This study, which is divided into sections that correspond to the sequence of themes in the text, provides a step-by-step analysis of Canto III of Dante Inferno and its interpretation through the centuries. Two verses--namely, "vidi e conobbi l'ombra di colui / che fece per viltade il gran rifiuto" (vv. 59-60)--have received special attention for two reasons. First, the verses constitute the crux of the canto; second, their interpretation has remained an especially sensitive issue for successive generations of critics. Some commentators have sought to defend Dante from the accusation of heresy (see, in particular, the commentaries written toward the middle of the fourteenth century); others have aimed to protect the memory of a pope who had been proclaimed a saint (see the commentaries written in the nineteenth century as well as certain positions still advanced by "Catholic" scholars in recent times). The various explanations for these crucial verses seem to parallel the changes in intellectual moods that took place--especially in Italy--since the time of Dante's writing.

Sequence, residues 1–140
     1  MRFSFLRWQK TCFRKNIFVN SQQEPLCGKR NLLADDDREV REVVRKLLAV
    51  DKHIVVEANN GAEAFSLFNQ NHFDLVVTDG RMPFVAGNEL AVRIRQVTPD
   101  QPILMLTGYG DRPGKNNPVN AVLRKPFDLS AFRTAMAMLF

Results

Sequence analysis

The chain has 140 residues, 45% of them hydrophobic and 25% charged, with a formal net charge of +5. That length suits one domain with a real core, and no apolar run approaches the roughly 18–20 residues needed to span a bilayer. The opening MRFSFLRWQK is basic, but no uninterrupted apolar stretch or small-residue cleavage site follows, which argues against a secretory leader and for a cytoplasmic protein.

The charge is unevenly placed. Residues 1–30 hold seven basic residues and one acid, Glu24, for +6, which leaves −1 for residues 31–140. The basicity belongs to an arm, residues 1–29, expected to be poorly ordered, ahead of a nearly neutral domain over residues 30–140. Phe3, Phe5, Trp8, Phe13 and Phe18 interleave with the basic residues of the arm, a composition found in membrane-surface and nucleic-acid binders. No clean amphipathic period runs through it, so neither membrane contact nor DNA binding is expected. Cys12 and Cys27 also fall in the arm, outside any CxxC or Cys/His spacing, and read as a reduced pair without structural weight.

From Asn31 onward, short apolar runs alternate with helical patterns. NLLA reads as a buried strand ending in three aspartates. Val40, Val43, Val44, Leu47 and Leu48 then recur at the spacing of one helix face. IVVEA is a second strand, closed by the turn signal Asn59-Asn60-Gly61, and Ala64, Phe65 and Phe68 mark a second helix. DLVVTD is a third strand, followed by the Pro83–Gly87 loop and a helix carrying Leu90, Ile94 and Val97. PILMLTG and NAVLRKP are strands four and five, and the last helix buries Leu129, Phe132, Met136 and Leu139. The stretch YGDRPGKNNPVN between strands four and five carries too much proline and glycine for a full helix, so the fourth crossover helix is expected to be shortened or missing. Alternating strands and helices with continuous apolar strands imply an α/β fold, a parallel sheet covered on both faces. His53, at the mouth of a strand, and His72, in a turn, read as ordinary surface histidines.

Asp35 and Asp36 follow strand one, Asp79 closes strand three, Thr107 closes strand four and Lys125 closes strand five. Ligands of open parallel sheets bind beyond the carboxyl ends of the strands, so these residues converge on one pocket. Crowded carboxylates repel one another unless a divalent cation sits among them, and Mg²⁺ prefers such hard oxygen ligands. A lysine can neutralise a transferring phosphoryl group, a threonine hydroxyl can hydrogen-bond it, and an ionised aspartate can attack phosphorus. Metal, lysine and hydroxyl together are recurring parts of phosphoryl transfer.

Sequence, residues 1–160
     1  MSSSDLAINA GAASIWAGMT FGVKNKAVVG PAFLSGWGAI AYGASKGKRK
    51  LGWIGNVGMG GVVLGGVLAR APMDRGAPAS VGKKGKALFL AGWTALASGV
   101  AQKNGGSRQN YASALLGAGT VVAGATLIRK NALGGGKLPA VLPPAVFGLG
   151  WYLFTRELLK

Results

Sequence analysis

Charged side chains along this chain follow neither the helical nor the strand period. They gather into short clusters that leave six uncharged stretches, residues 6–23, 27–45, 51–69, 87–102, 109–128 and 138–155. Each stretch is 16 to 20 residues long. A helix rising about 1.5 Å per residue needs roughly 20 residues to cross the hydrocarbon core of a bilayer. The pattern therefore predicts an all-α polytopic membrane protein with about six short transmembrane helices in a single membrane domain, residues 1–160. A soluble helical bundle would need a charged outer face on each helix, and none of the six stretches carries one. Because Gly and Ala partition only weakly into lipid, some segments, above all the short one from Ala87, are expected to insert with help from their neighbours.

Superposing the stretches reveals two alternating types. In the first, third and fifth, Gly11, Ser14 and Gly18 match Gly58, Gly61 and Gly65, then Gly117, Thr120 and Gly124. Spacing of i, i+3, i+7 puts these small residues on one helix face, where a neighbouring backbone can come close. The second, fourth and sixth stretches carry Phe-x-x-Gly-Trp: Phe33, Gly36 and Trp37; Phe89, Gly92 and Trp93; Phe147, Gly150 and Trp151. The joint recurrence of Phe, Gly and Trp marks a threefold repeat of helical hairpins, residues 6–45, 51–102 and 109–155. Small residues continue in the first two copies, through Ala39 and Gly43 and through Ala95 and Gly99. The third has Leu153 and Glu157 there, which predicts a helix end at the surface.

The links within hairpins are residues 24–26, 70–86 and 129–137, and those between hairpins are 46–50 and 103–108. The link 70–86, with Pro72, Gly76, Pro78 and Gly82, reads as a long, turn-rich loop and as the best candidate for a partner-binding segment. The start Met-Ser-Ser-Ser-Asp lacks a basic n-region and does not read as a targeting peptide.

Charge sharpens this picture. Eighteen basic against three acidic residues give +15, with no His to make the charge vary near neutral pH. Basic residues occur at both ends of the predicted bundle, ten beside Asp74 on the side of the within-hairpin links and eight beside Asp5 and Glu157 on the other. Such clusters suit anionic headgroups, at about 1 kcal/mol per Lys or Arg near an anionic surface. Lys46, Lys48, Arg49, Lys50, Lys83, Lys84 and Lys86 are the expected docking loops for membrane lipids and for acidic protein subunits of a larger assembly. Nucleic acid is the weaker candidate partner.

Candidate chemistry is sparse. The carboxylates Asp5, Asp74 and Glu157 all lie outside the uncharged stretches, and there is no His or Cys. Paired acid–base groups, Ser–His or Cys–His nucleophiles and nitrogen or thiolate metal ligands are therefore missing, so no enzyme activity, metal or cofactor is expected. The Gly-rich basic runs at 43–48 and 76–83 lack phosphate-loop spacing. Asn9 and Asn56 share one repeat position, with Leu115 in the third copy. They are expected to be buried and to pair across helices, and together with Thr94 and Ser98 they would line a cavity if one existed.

Yet there are other reasons for dwelling at great length on "the one who out of cowardice made the great renunciation." In my opinion, it is the theme evoked in these two verses--and not Virgil's presence-- which is central to the entire canto. Canto III long has been considered, most notably by classical scholars, "the most Virgilian of all cantos." Notwithstanding the unmistakable echoes from Book VI of the Aeneid (the Underworld, Charon, and the Acheron are all undoubtedly classical images), the fact is that little remains of the classical idea of the hereafter.
The chief purpose of these classical references was to establish a link between Dante's Christian poem and the classical iter ad inferos, a genre for which Homer and Virgil had provided the supreme models. The Christianized version of this genre became highly developed in the Middle Ages and was an essential component in the spread of the "good spell."
Dante, in his own way, considered himself part of the apostolate. His mission as poet was to restore the effectiveness of the two authorities . . .